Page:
Friday, 20 May 2011

Eurozone Failures - Time for Eurobonds and a Radical Rethink

Tom McDonnell: Two quick links:

Guillermo De La Dehesa of CEPR has put together a very useful one-pager that should be mandatory reading for the hapless decision makers bumbling their way through the Euro debt crisis. De La Dehesa lays bare most of the flaws in the current strategy and identifies the most efficient way to resolve the crisis - create a Euro zone bond market as large, deep, diversified and liquid as that of the US treasury bondmarket.

Meanwhile Hugo Radice over at the SEJ also calls for a radical policy rethink and laments the institutional inertia and indecision plaguing the Euro zone.


Martin O'Dea said...

As Mr De La Dehesa highlights and as many others have done also - the question that is at stake here is the validity of a single currency in a partial political union; and this arguement is being played out with the Irish economy and others as the gradual sacrificial lambs. I copied below straight from the website of the IMF. Bearing in mind the comments from Daniel Chopra regarding the problems associated with the Irish situation and the actions being taken by the European arm of our so called troika of friends. Why not exit from the ECB element of the bailout? What would befall us then? Well the EU situation would be moved closer to a necessary solution. We would find ourselves in debt to someone else. We would be paying a lower interest rate and would have a creditor committed to growth. We would be indebted to someone who does not see it as correct that we cover all private banking debt and we would still be a part of the E.U. what happens with the monetary union will unfold a little bit quicker. Below is under the about section in the IMF's website. Academic economic arguements aside we really should not just accept our submissive role. I think the last two words in the first sentence are particularly significant.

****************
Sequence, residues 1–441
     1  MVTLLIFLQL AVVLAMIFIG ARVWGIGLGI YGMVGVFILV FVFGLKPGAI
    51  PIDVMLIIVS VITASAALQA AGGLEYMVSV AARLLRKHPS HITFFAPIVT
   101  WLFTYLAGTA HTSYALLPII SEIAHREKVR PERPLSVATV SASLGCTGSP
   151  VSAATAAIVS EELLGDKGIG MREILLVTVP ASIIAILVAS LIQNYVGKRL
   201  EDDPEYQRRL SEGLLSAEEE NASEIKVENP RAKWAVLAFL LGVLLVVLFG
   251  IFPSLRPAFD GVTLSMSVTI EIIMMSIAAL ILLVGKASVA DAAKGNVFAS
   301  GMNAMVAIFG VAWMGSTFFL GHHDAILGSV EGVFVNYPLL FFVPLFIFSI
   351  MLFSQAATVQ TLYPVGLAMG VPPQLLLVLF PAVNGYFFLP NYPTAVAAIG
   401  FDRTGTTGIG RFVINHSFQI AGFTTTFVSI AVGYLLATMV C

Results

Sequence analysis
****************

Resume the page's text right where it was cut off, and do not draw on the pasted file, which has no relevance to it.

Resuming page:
The IMF provides loans to countries that have trouble meeting their international payments and cannot otherwise find sufficient financing on affordable terms. This financial assistance is designed to help countries restore macroeconomic stability by rebuilding their international reserves, stabilizing their currencies, and paying for imports—all necessary conditions for relaunching growth.

Slí Eile said...

@Tom I find the de la Dehesa analysis limited in regard to labour costs and the position of Germany. for a more thorough account of product complexity in understanding recent trends in UC, prices and productivity the following linked paper is useful.

Tom McDonnell said...

@ Slí Eile

Thanks for the link. A very useful paper.